On November 23, the Church celebrates the Feast of St. Columban, an Irish monk who was instrumental in fostering monastic life across Europe. When God called him abroad, St. Columban answered – even when other forces tried to stop him. In today’s post, we invite you to learn more about his critical contributions to the Church and where you can find him portrayed in the Basilica.
Born in Leinster, Ireland, in 543, Columban received a rigorous education and grew up to be a very attractive young man. Unfortunately, his winning appearance captured the attention of many young women, and he found himself looking to monastic life to maintain his purity. Despite his own mother’s misgivings, he joined a monastery on an island in Lough Erne called Cluain Inis.
At Cluain Inis, Columban continued in study, prayer, and religious life, first under the guidance of Abbot Sinell and then Saint Comgall in the Abbey of Bangor in County Down. There, Columban made his formal vows as a monk, and continued to live in contemplation until age 45, when he felt God asking Him to be a missionary.
St. Columban Goes on a Mission
At first, the abbot refused his request to go abroad, but Columban eventually prevailed and set out with 12 other men to first Britain and then France, where the Church struggled with corruption and attacks from invaders. Columban and his followers founded monastic communities across Europe, overseen by Columban himself and subject to his strict requirements of Irish asceticism. But the growth of the monastic communities led Columban to seek more and more seclusion to the point where he used an intermediary to speak with the monks and frequently isolated himself.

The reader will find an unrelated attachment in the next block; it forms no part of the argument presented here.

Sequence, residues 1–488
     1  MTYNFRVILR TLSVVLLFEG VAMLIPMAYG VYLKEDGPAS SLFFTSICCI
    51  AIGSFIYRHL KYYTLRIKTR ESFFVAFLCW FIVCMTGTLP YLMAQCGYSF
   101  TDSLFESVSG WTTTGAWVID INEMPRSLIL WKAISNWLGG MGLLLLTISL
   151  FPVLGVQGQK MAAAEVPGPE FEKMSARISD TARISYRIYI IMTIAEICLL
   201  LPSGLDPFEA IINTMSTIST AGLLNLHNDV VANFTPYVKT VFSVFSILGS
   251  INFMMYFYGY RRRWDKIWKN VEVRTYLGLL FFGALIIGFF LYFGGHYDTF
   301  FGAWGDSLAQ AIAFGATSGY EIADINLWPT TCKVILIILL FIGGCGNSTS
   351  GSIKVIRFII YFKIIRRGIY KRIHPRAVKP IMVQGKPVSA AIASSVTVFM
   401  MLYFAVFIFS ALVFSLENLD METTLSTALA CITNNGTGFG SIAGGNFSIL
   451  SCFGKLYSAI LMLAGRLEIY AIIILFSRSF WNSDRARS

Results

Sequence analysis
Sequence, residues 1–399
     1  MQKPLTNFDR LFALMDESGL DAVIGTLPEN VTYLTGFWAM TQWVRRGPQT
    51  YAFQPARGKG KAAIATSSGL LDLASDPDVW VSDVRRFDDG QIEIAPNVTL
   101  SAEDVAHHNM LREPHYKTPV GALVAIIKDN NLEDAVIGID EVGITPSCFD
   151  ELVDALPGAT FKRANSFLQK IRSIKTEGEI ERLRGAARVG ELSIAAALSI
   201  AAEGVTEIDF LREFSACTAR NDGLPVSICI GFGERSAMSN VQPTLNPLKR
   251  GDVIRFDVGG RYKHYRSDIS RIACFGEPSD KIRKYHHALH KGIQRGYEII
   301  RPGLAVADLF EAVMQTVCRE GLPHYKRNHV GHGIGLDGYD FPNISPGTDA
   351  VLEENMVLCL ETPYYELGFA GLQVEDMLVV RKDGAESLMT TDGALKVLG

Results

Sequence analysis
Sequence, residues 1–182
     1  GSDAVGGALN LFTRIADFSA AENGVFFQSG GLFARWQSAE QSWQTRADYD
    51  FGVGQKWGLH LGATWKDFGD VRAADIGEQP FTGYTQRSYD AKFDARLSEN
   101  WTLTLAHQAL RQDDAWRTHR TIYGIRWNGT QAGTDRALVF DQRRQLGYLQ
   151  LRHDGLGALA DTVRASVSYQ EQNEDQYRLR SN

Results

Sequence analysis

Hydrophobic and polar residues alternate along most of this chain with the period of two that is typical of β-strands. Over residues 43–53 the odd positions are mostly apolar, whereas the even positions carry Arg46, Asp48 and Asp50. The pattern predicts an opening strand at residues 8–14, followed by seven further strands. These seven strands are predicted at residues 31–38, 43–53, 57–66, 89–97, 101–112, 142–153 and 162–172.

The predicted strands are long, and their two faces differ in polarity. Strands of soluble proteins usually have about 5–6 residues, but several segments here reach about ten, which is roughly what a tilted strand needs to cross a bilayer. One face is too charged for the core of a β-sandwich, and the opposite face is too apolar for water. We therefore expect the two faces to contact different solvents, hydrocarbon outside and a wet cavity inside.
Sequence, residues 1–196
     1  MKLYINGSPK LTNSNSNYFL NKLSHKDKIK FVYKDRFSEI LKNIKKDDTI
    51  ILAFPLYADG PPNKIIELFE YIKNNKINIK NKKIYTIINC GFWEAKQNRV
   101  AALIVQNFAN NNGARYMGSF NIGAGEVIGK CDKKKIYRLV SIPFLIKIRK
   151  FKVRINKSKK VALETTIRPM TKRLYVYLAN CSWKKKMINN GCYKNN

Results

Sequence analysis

St. Columban Meets Opposition
In France, Columban clashed with government and spiritual authorities for bringing Irish religious customs into their region. While some accounts hold that he escaped after his criticism of Prince Thierry’s illicit relationship landed him in prison, others say that he was banished from the continent for his conflicting spiritual practices. Whatever the case, he set out to return to Ireland around 610, only to stay on the continent due to bad weather. God’s mission for him there, it seemed, was not finished: he continued to found more monasteries in Switzerland and Italy, meeting with less opposition than he had in France. His last monastery was founded in Bobbio in 614, one year before his death.
At the Basilica, you can find St. Columban portrayed in the north façade.
Butler’s Lives of Saints, ed. Bernard Bangley
“St. Columbanus,” Catholic News Agency
The Basilica Guidebook, Dr. Geraldine Rohling
The Way of Saints, Dr. Tom Cowan